Alex Albon says he is still not feeling 100% following a crash at the British Grand Prix that left him in hospital – but the Williams driver will race on this weekend.
Albon crashed hard on Lap 1 of the race at Silverstone, in a separate incident to the shunt that sent Zhou Guanyu hurtling into the catch fencing, upside down.
However, despite Zhou being cleared fit by medics at the circuit, Albon was transferred to Coventry Walsgrave Hospital where he underwent further checks.
He was discharged from hospital later that evening and has now, like Zhou, been cleared fit to race at the Red Bull Ring this weekend, despite not yet feeling 100%.
“I was a little bit sore on Monday and then each day so far it’s just been getting better and better, so I’m sure by tomorrow we’ll be back to 100% [for Friday],” he told media, including RacingNews365.com.
“It’s a little bit sore and all that kind of thing but yeah, I’m all okay.”
Albon does not remember much from Silverstone shunt
Revealing what he remembers of the crash, Albon said: “Not much to be honest. It all happened very quickly.
“Obviously, I was hitting the wall and then at that point it was kind of like a pinball reaction and I was just going wherever the cars were hitting me.
“It was just one of those things. Fortunately, Zhou was okay. He had the bigger crash and he seemed to walk out shortly after so, yeah, there wasn’t really much to it.”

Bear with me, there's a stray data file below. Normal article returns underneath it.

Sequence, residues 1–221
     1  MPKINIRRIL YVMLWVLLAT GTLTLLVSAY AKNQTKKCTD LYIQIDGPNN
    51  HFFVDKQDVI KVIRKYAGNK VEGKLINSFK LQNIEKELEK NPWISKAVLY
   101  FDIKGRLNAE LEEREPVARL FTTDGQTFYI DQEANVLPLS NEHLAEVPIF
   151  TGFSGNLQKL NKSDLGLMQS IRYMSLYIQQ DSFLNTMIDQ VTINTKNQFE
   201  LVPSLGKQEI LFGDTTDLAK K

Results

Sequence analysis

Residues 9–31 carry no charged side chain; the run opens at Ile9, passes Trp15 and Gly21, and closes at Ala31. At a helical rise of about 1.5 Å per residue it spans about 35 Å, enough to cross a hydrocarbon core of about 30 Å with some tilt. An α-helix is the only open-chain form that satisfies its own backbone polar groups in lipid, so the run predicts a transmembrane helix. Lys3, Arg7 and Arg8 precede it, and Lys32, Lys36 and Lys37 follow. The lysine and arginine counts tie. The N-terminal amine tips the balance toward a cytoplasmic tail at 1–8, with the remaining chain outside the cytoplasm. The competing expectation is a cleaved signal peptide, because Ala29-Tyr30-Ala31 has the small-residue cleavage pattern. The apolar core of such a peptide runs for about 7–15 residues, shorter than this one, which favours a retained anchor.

He added: “It was a bit of a blur. Thankfully, everyone’s okay.”
Williams to run yet more upgrades this weekend
Williams were running an upgrade on Albon’s car bigger than most at the British Grand Prix, and left the circuit fearing that the progress had been thrown away due to the crash.
However, it turns out those upgrade parts mostly survived, with a further update bolted onto the car for this weekend’s race in Austria.
“I’d say actually maybe even more of an update,” he added. “We had maybe 80% of the update in Silverstone and this weekend we have all of it, so it’s positive.
“The guys obviously did a great job to get it all repaired. The crash looked, in some ways, worse than it was. I managed to hit the wall head-on and avoid damaging all the fancy parts on the sides.
“And then once obviously the other impacts were damaging but with less force, so it was actually salvageable in some areas.
“It’s good [that we can run the upgrade again] because at Silverstone we didn’t actually get much dry running and then, obviously, in the race we did 100 metres, so you don’t get much data from that!”